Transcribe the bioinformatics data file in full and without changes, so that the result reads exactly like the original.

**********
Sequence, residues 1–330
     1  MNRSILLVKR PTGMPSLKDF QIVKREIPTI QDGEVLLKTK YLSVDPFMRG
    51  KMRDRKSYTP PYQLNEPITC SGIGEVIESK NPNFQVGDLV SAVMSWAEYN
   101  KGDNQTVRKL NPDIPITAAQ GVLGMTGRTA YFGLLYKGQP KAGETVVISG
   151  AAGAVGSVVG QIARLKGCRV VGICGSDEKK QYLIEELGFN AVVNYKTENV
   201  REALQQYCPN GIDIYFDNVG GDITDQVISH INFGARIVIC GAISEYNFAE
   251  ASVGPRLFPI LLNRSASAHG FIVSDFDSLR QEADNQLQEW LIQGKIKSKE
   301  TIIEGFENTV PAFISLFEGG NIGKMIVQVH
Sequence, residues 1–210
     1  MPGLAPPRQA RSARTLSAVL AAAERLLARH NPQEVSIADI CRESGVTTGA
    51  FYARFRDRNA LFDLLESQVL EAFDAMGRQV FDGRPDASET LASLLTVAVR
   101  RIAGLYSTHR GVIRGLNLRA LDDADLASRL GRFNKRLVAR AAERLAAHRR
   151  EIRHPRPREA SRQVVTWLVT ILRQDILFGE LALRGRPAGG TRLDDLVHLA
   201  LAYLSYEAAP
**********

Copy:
Sequence, residues 1–330
     1  MNRSILLVKR PTGMPSLKDF QIVKREIPTI QDGEVLLKTK YLSVDPFMRG
    51  KMRDRKSYTP PYQLNEPITC SGIGEVIESK NPNFQVGDLV SAVMSWAEYN
   101  KGDNQTVRKL NPDIPITAAQ GVLGMTGRTA YFGLLYKGQP KAGETVVISG
   151  AAGAVGSVVG QIARLKGCRV VGICGSDEKK QYLIEELGFN AVVNYKTENV
   201  REALQQYCPN GIDIYFDNVG GDITDQVISH INFGARIVIC GAISEYNFAE
   251  ASVGPRLFPI LLNRSASAHG FIVSDFDSLR QEADNQLQEW LIQGKIKSKE
   301  TIIEGFENTV PAFISLFEGG NIGKMIVQVH
Sequence, residues 1–210
     1  MPGLAPPRQA RSARTLSAVL AAAERLLARH NPQEVSIADI CRESGVTTGA
    51  FYARFRDRNA LFDLLESQVL EAFDAMGRQV FDGRPDASET LASLLTVAVR
   101  RIAGLYSTHR GVIRGLNLRA LDDADLASRL GRFNKRLVAR AAERLAAHRR
   151  EIRHPRPREA SRQVVTWLVT ILRQDILFGE LALRGRPAGG TRLDDLVHLA
   201  LAYLSYEAAP